Why so spiritual? (Part 1)
Who are we really? What is all this, this experience of life? What is real? Can we know anything for sure?
I love contemplating these big questions and have built a life around them. Soon, I’m going to be off for more intensive study and practice. Philosophy excites me and makes me feel alive. And sometimes it gets weird and creepy. But I still love it. I’m aware that not everyone spends so much time thinking about these things. But for me, I can’t help it. I can’t stop, nor would I want to.
I first discovered my lust for philosophy when I was procrastinating writing my French literature papers in the university library. As “luck” would have it, I always sat at the end of what happened to be the row of quantum physics books. It seemed as if each day, those textbooks were sticking out a little further from the shelves, almost leaning toward me, whispering to me. One day, I gave in, cracked one open and I was hooked. The more I read, the more I realized how little we understood about the nature of reality. This came as quite a shock. These were physics textbooks for God’s sake. How could things be so flaky? I read about these experiments whose results seems to depend on the observer and our expectations of the outcome. This blew my mind. The physical world of matter, that we think is so solid, up close, is actually incredibly fickle. The closer we look into things, the more we see there’s nothing there, mostly just empty space, and particles that flicker in and out of existence.
While the science was fascinating, the philosophical implications of these discoveries rocked my world. Suddenly, the world out there was not solid and objective and we didn’t understand the fabric that made it up. Suddenly, mind really did seem to determine matter.
Appearance was not necessarily reality. There might not even be such a thing as absolute reality, or absolute truth.
And it wasn’t just what this meant about the “material” world, it was everything, including our thoughts, our sense of self. Just because something looked or felt a certain way, didn’t mean it was really that way. In the same way that a solid table, upon closer examination, is more empty space than “table particles,” the deeper we look into our sense of self, and try to pinpoint what and where it is, the more it dissolves.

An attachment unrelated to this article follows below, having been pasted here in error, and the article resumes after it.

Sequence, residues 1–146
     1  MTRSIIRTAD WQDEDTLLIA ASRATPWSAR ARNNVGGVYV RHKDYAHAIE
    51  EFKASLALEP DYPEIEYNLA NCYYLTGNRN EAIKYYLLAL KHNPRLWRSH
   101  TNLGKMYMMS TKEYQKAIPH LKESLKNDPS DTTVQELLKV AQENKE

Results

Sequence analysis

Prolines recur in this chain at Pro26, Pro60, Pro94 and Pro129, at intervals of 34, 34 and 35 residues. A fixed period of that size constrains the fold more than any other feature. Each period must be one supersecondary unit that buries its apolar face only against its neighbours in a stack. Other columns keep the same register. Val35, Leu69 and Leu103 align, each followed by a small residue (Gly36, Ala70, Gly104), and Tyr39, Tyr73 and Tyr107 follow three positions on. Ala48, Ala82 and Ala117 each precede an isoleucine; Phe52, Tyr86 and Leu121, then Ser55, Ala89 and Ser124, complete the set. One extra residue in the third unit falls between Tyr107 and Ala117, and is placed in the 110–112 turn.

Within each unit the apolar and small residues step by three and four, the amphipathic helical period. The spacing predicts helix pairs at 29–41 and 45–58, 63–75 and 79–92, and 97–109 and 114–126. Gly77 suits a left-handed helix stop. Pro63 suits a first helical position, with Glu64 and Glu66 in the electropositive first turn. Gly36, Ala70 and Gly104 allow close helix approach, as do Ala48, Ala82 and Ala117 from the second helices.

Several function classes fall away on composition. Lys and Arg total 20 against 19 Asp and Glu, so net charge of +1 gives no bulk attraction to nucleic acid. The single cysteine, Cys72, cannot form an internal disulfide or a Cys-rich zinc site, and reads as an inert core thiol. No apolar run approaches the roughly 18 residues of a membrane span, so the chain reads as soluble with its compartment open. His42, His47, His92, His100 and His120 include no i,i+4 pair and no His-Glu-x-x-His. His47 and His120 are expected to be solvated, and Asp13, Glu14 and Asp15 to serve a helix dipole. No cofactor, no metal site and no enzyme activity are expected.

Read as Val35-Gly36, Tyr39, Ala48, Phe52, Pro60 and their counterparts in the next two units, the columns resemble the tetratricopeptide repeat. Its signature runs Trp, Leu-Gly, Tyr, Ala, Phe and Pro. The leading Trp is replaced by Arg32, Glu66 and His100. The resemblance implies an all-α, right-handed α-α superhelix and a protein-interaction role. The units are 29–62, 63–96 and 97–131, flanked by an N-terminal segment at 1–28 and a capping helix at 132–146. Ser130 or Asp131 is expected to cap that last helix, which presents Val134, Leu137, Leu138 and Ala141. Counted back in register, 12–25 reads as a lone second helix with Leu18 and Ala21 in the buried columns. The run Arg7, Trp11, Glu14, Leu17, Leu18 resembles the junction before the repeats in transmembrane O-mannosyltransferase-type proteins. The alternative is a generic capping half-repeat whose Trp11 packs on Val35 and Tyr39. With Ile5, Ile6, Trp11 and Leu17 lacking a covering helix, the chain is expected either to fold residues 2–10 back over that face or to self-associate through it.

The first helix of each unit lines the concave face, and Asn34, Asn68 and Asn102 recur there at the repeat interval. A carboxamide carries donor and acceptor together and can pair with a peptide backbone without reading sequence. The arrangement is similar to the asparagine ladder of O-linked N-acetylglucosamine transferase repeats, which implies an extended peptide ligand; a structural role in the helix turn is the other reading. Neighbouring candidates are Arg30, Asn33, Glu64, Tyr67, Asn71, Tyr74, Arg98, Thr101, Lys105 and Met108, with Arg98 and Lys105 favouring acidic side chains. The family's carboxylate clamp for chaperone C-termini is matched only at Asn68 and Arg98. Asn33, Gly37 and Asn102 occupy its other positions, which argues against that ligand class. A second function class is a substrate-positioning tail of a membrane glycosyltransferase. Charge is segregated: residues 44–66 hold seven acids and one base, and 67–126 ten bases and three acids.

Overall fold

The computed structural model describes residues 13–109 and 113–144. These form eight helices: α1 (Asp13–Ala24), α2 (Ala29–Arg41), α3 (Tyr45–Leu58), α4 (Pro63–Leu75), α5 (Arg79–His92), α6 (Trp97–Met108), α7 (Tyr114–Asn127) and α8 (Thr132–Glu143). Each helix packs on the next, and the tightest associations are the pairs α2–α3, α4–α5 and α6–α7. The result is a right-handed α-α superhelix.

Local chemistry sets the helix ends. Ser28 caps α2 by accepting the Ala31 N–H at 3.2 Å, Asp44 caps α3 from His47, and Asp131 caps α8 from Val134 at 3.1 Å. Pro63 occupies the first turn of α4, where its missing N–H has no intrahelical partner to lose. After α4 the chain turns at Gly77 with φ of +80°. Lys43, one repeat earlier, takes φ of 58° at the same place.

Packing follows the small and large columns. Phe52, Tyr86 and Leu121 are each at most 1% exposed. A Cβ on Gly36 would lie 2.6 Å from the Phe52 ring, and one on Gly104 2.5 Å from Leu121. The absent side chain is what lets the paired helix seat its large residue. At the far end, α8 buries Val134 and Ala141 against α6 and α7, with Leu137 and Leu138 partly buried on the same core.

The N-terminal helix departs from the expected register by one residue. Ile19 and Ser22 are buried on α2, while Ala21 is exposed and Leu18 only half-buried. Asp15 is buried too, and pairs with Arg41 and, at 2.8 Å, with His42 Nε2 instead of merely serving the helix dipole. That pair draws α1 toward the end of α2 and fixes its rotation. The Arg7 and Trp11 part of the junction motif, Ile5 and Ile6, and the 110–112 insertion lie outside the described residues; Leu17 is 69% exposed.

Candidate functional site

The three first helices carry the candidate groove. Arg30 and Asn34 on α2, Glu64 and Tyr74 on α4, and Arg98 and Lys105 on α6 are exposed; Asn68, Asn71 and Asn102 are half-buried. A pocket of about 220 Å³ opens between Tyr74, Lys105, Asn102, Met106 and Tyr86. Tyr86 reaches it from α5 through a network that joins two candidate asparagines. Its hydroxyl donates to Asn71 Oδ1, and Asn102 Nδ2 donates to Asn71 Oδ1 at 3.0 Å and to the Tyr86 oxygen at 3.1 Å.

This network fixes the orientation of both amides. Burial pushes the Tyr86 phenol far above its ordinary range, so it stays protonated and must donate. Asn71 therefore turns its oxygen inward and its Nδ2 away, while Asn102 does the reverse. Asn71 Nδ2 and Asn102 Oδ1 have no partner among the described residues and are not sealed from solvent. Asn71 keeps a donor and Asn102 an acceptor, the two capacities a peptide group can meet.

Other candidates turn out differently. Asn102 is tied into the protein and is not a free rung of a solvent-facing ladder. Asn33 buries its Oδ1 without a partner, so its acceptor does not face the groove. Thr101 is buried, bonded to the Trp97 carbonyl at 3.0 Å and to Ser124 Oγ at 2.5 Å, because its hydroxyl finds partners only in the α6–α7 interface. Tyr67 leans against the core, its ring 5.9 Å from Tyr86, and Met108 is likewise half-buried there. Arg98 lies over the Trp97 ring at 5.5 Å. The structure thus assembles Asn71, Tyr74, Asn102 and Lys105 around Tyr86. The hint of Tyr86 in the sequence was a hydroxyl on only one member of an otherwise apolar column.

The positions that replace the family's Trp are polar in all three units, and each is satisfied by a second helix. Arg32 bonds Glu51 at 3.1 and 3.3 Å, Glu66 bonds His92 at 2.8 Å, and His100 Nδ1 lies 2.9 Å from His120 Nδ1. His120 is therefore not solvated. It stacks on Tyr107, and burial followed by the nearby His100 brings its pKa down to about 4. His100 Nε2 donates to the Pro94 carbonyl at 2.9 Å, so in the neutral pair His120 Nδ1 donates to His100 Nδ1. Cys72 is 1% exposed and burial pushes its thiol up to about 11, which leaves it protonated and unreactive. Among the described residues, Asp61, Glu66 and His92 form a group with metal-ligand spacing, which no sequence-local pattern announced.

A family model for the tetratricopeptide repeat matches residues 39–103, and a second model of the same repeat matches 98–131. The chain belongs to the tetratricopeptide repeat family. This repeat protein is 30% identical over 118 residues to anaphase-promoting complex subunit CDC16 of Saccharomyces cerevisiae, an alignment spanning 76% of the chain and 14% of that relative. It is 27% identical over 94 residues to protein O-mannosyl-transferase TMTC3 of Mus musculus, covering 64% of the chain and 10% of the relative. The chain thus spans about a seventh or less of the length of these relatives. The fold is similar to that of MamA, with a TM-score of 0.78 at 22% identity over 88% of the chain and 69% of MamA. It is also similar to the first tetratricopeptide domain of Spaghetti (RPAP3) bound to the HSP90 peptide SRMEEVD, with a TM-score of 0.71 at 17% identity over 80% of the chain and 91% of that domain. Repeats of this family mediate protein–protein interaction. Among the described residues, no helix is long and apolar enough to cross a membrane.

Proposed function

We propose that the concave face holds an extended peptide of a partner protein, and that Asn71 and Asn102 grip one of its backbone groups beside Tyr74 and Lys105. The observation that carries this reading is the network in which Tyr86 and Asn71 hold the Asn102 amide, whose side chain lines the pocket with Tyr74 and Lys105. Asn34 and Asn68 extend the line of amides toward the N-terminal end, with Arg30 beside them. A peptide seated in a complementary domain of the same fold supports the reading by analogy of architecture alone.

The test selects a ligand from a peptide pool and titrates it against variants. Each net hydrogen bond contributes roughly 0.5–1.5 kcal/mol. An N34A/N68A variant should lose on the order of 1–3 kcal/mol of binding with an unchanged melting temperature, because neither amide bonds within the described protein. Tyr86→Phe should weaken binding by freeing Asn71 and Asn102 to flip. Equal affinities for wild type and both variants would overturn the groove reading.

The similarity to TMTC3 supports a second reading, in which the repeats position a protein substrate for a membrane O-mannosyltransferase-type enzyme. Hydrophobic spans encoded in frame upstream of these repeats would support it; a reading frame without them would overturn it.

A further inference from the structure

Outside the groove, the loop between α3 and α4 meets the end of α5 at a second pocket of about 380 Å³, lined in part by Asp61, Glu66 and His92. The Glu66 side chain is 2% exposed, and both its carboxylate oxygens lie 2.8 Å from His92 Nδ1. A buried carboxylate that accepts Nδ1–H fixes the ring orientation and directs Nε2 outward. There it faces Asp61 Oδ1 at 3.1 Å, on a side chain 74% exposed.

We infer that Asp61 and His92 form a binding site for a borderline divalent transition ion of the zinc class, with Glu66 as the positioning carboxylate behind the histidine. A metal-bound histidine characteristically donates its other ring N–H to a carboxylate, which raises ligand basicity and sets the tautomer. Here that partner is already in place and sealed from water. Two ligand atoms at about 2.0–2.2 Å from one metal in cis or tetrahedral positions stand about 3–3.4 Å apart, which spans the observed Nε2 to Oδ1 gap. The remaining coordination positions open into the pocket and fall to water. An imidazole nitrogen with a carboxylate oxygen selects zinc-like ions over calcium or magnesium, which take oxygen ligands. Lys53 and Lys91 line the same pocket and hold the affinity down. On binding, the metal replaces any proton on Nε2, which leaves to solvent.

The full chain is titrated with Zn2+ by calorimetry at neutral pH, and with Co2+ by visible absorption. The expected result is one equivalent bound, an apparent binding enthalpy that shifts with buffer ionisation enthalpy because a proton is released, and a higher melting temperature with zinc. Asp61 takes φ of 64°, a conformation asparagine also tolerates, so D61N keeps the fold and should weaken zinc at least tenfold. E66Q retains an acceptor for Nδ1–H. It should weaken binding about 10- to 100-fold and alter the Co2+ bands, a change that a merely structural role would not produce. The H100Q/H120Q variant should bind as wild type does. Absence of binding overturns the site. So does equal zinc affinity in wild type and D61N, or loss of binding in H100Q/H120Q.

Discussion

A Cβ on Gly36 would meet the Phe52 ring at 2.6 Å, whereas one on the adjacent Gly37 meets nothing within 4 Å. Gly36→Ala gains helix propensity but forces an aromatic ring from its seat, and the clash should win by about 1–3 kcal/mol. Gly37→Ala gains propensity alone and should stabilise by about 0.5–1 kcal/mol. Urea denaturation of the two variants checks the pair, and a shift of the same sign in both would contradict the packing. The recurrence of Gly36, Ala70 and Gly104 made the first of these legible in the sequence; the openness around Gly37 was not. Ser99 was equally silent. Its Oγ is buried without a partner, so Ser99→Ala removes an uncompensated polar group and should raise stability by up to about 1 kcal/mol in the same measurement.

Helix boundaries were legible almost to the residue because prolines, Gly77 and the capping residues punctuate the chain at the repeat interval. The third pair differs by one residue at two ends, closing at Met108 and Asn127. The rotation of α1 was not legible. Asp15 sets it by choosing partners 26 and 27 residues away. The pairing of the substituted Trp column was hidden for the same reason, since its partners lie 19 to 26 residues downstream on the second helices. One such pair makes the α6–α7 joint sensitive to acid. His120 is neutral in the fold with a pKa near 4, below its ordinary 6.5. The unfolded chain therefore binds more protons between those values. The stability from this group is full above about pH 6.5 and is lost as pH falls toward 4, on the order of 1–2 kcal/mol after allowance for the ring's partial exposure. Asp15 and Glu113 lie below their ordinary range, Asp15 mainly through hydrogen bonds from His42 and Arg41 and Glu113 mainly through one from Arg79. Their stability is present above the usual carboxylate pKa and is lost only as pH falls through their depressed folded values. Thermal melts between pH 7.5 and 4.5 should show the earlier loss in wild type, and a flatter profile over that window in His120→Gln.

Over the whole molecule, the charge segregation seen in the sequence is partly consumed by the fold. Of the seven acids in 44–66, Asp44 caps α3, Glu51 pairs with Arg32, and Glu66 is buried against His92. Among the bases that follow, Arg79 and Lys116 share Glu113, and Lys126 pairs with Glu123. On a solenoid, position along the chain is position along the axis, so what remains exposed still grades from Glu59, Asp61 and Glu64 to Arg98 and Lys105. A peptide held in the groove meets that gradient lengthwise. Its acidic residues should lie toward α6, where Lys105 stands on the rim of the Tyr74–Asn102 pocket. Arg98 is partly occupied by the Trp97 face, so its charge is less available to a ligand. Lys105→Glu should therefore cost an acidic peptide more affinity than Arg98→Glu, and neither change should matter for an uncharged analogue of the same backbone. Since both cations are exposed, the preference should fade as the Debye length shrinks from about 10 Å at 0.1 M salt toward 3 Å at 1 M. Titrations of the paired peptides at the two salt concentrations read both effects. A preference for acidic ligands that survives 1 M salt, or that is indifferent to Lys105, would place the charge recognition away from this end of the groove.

I used to get really compulsive about getting to the bottom of all this. As if I could sift through the findings in science, philosophy, and religion to find an answer that would make sense of my experience of reality. As if I could come up with a satisfying answer to what is really going on here.
Of course, there is no satisfying answer. (Surprise, surprise — I didn’t find anything that the great scientists and thinkers and sages over the centuries overlooked.)
And with time, and age — and more humility — I became less obsessed with finding definitive answers. There were no secrets buried in scientific knowledge and spiritual wisdom that would offer a complete explanation for what I experience, what I see and feel, what it’s all made of, how it works, and where it came from. And certainly no reason why this all is.
I’ve gotten to a point where, I don’t think I believe we can have definitive answers for these questions, because we are too deep in it. How can we properly and objectively investigate the nature of mind, through the instrument of the mind? Whether through scientific method or contemplation, the mind is still both our tool of investigation, and its subject.
I still love reviewing these questions and having conversations with people who dare go down the rabbit hole with me. I still enjoy the mystery. I think it has enriched my life and experiences.
But now, the futility of the quest to make sense of it all doesn’t make me as frustrated or as anxious.
I am more relaxed and have found peace in the unknown. I can be in awe of the beauty of this mysterious experience. I can simply enjoy this human ride. (Most of the time.)